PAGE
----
Though Bretschneider is known in Hawaii for assisting Gov. Linda Lingle on the effort to use Kona Coffee in The White House, he has been heavily involved in marketing research, strategy, creative development and some of the most memorable campaigns including: “Coke Is It!” “Mm Mm, Good!” (Campbell Soup); “L’oreal, Because I’m Worth It!” and “Ring Around Your Collar” (Unilever-Whisk).
The public is welcome to attend, but advanced paid reservations are required. The cost is $20 for SBH members and their guests if paid in advance, and $30 for non-members or at the door, provided space is available. A complete buffet breakfast, program and networking are included. Call 396-1724 for more information and to make reservations or fax confirmations to 396-1726.
”Interested in Doing Business with China?”
For anyone interested in doing business with China, Hai Wen, Ph.D., an Inchcape Professor of Economics and Deputy Director with the China Center for Economic Research at Peking University in Beijing, will give an update on “China Economic Status & Trends” on Wednesday, Aug. 6, 2003,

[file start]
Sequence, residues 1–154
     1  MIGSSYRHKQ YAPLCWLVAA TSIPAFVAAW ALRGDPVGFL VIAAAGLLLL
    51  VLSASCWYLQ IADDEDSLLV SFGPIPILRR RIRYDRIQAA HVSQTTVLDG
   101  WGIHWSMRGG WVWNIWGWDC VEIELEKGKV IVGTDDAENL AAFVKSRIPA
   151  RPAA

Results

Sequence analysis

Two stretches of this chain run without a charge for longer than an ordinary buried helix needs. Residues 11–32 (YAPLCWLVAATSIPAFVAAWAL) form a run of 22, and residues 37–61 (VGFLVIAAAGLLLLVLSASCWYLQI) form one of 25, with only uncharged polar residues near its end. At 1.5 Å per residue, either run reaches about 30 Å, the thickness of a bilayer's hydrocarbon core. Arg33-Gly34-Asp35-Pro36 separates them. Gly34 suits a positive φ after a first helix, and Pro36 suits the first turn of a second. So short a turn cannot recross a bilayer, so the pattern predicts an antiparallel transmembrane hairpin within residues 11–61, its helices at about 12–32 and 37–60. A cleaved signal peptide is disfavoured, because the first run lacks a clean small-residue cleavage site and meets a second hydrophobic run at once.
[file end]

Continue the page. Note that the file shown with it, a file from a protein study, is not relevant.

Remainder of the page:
from 6 p.m. to 8:30 p.m. at the Buffet 100 Restaurant in Ward Warehouse.
The event, which is $20 per person, is sponsored by the Hong Kong China Hawaii Chamber of Commerce, Peking University Alumni Association of Hawaii, Hawaii Department Business Economic Development & Tourism, JAIMS, Center for Chinese Studies – University of Hawaii at Manoa, Chinese Chamber of Commerce Hawaii and the China Club.
Wen, who has written more than 20 books in the areas of International Economics, Development Economics and Transitional Economics, obtained his Ph.D. & MA in Economics, University of California Davis and BA in Political Economy, Peking University, China.
Organizers say reservations must be made by Aug. 1, 2003, by either calling Johnson Choi at (808) 222-8183 or making checks payable to Hong Kong China Hawaii Chamber of Commerce, Attn: Johnson Choi, 55 Merchant St, Suite 1813, Box C127, Honolulu, HI 96813. Additional information can be found at http://www.hkchcc.org/